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Impact of weight


mardigras
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I have referred to this in the past - but feel it is worth clarifying.

I certainly don't believe 1kg = 0.1L. 

I believe the average impact on a horse for that variance in weight is a fraction over 0.1L.

For many, the impact would be zero or certainly less than 0.1L. In some very rare circumstances around weight carrying ability, it would be a fair bit more than 0.1L. 

That's based on real horses, running real races. Not airy fairy treadmill bullshit.

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I presume this has all been deduced over many years of data collection and analysis.

The scientific(physics) theory suggests that carrying extra weight means doing more work, which means more kinetic energy expended.

I used to know all those equations fairly well, now they are somewhere inside an ageing brain

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Yeahh .... interesting eh. Something like K.E. = 1/2 m v2 ? The problem is that if you apply that to racing, and assume that v is the speed for the entire race and energy is limited or maxed out for the whole race, you get the idiotic relationships between weight and distance that bear no relationship to weight's effect on actual race performance using data from real races. Nice theory though.

 

Edited by curious
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30 minutes ago, Hesi said:

I presume this has all been deduced over many years of data collection and analysis.

The scientific(physics) theory suggests that carrying extra weight means doing more work, which means more kinetic energy expended.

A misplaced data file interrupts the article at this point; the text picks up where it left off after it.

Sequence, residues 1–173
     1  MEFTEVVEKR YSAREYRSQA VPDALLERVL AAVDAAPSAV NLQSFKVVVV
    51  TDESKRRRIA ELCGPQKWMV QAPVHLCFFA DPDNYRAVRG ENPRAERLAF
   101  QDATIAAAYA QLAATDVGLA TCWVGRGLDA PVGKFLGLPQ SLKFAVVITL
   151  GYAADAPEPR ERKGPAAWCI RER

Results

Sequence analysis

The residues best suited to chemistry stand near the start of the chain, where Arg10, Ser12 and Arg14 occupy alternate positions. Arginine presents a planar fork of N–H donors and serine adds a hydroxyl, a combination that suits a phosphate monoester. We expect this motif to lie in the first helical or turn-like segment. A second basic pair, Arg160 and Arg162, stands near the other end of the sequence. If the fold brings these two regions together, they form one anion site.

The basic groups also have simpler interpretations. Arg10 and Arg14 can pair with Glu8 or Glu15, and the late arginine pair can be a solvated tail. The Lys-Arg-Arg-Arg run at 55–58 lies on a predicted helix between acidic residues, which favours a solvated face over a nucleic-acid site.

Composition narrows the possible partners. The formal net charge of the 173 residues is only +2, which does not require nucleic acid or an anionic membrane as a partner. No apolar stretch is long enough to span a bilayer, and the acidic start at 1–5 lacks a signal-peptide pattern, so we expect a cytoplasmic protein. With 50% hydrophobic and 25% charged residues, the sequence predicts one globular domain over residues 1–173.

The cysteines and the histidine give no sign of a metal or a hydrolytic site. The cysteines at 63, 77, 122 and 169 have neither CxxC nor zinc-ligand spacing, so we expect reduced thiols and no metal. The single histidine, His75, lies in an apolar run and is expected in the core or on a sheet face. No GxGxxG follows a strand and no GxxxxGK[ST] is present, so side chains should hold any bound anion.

I used to know all those equations fairly well, now they are somewhere inside an ageing brain

From approx. 8 million horse starts. (NZ has around 25-30k horse starts per year in recent years).

Carrying more weight will require doing more work overall, no doubt.

Using models that are purely theoretical makes the assumptions that horses are incapable of doing more work than what they do in a race, even though they are rarely working to capacity except for potentially a small portion of the race. They don't return to scale spent. Which is why using some physical equations on a treadmill is useless. It has no relationship with what a horse does with its available energy reserves in a race, they just tell you how much extra energy the extra weight potentially uses up.

Edited by mardigras
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Very interesting thanks.

So efficiency, the ability to transfer between different energies, is what it is all about.

Probably explains, why some horses have a very good turn of foot as they put it, we'll just call it acceleration.

I'm just wondering, is this what the great judges of a horse can assess early on in their life(yearlings), and why they pay so much money for some horses

 

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4 hours ago, curious said:

They create wind resistance too with those cups so it would be hard to work out which factor is slowing the horse down wouldn't it?

 

After looking at all the scientific evidence and then just taking a complete Thomass guess, I conclude that blinkers must over a mile slow a horse down by 1/2 a length. Now couple that with wide no cover and the wind effect  increases, factored alongside a wide barrier and blinkers are absolutely a recipe for disaster on 3yr olds after Xmas whom have been gelded in the last 12 months.

 

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